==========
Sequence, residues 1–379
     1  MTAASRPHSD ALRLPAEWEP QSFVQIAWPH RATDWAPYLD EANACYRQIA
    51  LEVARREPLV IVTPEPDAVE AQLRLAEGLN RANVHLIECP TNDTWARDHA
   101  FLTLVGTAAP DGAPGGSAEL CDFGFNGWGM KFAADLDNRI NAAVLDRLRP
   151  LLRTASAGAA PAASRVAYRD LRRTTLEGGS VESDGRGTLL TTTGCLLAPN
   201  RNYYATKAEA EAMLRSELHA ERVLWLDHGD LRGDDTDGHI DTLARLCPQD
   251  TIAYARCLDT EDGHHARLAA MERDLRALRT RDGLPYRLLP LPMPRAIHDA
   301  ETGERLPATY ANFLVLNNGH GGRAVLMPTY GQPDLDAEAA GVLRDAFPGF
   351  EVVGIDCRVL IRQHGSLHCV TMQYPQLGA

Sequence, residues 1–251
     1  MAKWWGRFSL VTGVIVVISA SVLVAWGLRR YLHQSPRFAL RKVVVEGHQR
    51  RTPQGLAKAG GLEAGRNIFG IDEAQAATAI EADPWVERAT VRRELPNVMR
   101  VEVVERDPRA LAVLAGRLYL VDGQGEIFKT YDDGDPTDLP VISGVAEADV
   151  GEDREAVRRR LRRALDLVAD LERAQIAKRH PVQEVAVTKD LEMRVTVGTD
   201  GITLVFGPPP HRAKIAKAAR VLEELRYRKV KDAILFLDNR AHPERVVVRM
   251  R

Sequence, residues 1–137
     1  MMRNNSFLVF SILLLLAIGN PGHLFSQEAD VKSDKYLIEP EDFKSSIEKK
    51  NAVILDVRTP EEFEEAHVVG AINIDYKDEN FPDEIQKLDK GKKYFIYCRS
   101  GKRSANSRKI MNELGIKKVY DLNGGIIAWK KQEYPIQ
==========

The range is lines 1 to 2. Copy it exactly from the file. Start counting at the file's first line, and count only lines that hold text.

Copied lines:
Sequence, residues 1–379
     1  MTAASRPHSD ALRLPAEWEP QSFVQIAWPH RATDWAPYLD EANACYRQIA